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Quacks: Hilarious Short Film

Check out this short African film by Abba Makama, which tells the story of young Nigerian elites who have to decide whether or not to join the revolution or watch from the sidelines.


Every time we watch an Abba Makama short we're kind of stunned by how good they are. That's not to say there aren't some great films coming out of Lagos, but Makama's aren't just great, they're truly creative and engaging. "We shoot things bitches" is how every Osiris Production ends, but each project is visually and substantively unique presenting exceptional art, which always deserves a shout out.

Makama's newest short, which is also an entry for the Afrinolly Short Competition titled "Quacks" is a follow-up to "Party of Ministers" and an excellent parody about the young, educated, and successful African elite whom via BBM groups continuously discuss the state of the world, but fail to act on their ideas of how to improve their respective countries. Quick synopsis:

An elite group of pseudo intellectual leftists are summoned for an emergency meeting. The agenda: overthrow the existing regime ran by a cabal of self-centered materialists. Will they succeed?

In "Quacks" Makama integrates real footage from the 2012 protests in Nigeria, which is an amusing juxtaposition to the ever so chic Quacks whom from the comfort of their extravagant homes appear not only detached but disinterested in the state of their country. Did we mention they look hella hella chic? The film also features one of our favorite Nigerian directors, Bolaji Kekere-Ekun- who shows us he has skills in front of and behind the camera. We don't want to give too much away, but check out the film (below) for some quality entertainment and a dynamic representation of the bizarre  potential of protest and revolution in Nigeria. Seriously, might be the best 8 minutes of your day.

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Photo by Don Paulsen/Michael Ochs Archives/Getty Images

Hugh Masekela's New York City Legacy

A look back at the South African legend's time in New York City and his enduring presence in the Big Apple.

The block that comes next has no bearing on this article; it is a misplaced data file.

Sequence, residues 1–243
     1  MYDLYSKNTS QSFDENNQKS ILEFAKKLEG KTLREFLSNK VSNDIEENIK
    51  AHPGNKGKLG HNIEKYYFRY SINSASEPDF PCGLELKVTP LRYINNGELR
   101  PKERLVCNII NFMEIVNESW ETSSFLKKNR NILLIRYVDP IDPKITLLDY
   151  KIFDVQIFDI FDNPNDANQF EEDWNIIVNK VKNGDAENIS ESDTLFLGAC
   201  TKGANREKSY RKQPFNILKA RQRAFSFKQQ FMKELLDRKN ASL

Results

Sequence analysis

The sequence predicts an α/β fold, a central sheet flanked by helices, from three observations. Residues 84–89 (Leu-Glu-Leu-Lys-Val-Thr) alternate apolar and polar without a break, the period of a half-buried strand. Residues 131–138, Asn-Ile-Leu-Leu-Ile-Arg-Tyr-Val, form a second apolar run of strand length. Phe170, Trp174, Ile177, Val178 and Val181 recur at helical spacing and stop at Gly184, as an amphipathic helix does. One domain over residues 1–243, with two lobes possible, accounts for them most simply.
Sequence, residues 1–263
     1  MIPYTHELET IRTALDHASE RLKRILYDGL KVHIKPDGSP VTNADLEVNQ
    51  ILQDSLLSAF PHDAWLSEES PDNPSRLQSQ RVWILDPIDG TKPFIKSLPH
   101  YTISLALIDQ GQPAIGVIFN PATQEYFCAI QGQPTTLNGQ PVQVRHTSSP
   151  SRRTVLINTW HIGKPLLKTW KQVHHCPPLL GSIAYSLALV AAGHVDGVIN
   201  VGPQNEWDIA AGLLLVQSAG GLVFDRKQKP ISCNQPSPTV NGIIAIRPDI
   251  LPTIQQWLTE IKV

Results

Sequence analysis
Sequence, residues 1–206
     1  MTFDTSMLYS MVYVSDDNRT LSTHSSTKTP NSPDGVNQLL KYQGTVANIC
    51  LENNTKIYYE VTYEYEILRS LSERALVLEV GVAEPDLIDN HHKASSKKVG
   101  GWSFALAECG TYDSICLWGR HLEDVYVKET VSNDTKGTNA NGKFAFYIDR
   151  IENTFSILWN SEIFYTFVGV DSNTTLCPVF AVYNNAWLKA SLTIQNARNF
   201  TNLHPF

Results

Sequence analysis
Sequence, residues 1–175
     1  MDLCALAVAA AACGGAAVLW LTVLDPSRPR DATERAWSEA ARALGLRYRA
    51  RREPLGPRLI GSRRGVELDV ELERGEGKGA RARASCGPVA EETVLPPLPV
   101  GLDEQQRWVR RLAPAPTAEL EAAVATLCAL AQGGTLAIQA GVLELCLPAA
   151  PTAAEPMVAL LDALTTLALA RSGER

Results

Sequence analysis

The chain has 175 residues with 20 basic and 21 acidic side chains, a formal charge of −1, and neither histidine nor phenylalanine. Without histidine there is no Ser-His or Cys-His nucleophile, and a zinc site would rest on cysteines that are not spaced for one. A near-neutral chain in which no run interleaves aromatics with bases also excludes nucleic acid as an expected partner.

In Questlove's magnificent documentary, Summer of Soul, he captures a forgotten part of Black American music history. But in telling the tale of the 1969 Harlem Cultural Festival, the longtime musician and first-time filmmaker also captures a part of lost South African music history too.

Among the line-up of blossoming all-stars who played the Harlem festival, from a 19-year-old Stevie Wonder to a transcendent Mavis Staples, was a young Hugh Masekela. 30 years old at the time, he was riding the wave of success that came from releasing Grazing in the Grass the year before. To watch Masekela in that moment on that stage is to see him at the height of his time in New York City — a firecracker musician who entertained his audiences as much as he educated them about the political situation in his home country of South Africa.

The legacy Masekela sowed in New York City during the 1960s remains in the walls of the venues where he played, and in the dust of those that are no longer standing. It's in the records he made in studios and jazz clubs, and on the Manhattan streets where he once posed with a giant stuffed zebra for an album cover. It's a legacy that still lives on in tangible form, too, in the Hugh Masekela Heritage Scholarship at the Manhattan School of Music.

The school is the place where Masekela received his education and met some of the people that would go on to be life-long bandmates and friends, from Larry Willis (who, as the story goes, Masekela convinced to give up opera for piano) to Morris Goldberg, Herbie Hancock and Stewart Levine, "his brother and musical compadre," as Mabusha Masekela, Bra Hugh's nephew says.

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